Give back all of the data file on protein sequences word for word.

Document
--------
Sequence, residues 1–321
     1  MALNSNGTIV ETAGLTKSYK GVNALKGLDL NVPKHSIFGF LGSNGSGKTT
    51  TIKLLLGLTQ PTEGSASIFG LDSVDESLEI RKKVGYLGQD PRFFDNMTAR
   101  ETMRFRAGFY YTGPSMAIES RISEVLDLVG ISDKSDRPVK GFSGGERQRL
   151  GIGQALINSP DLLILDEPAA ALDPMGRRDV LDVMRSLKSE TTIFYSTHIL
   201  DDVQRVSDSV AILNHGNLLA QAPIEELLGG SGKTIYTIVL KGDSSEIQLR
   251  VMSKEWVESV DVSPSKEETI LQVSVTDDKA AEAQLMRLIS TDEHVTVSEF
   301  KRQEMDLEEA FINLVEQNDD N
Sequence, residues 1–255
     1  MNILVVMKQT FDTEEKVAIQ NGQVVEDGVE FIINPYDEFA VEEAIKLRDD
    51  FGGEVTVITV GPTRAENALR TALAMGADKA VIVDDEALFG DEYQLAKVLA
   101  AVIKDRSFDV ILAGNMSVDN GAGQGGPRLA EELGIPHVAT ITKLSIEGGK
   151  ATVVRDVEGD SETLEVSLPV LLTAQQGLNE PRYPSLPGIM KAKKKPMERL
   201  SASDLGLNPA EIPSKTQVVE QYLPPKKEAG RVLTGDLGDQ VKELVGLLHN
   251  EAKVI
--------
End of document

Sequence, residues 1–321
     1  MALNSNGTIV ETAGLTKSYK GVNALKGLDL NVPKHSIFGF LGSNGSGKTT
    51  TIKLLLGLTQ PTEGSASIFG LDSVDESLEI RKKVGYLGQD PRFFDNMTAR
   101  ETMRFRAGFY YTGPSMAIES RISEVLDLVG ISDKSDRPVK GFSGGERQRL
   151  GIGQALINSP DLLILDEPAA ALDPMGRRDV LDVMRSLKSE TTIFYSTHIL
   201  DDVQRVSDSV AILNHGNLLA QAPIEELLGG SGKTIYTIVL KGDSSEIQLR
   251  VMSKEWVESV DVSPSKEETI LQVSVTDDKA AEAQLMRLIS TDEHVTVSEF
   301  KRQEMDLEEA FINLVEQNDD N
Sequence, residues 1–255
     1  MNILVVMKQT FDTEEKVAIQ NGQVVEDGVE FIINPYDEFA VEEAIKLRDD
    51  FGGEVTVITV GPTRAENALR TALAMGADKA VIVDDEALFG DEYQLAKVLA
   101  AVIKDRSFDV ILAGNMSVDN GAGQGGPRLA EELGIPHVAT ITKLSIEGGK
   151  ATVVRDVEGD SETLEVSLPV LLTAQQGLNE PRYPSLPGIM KAKKKPMERL
   201  SASDLGLNPA EIPSKTQVVE QYLPPKKEAG RVLTGDLGDQ VKELVGLLHN
   251  EAKVI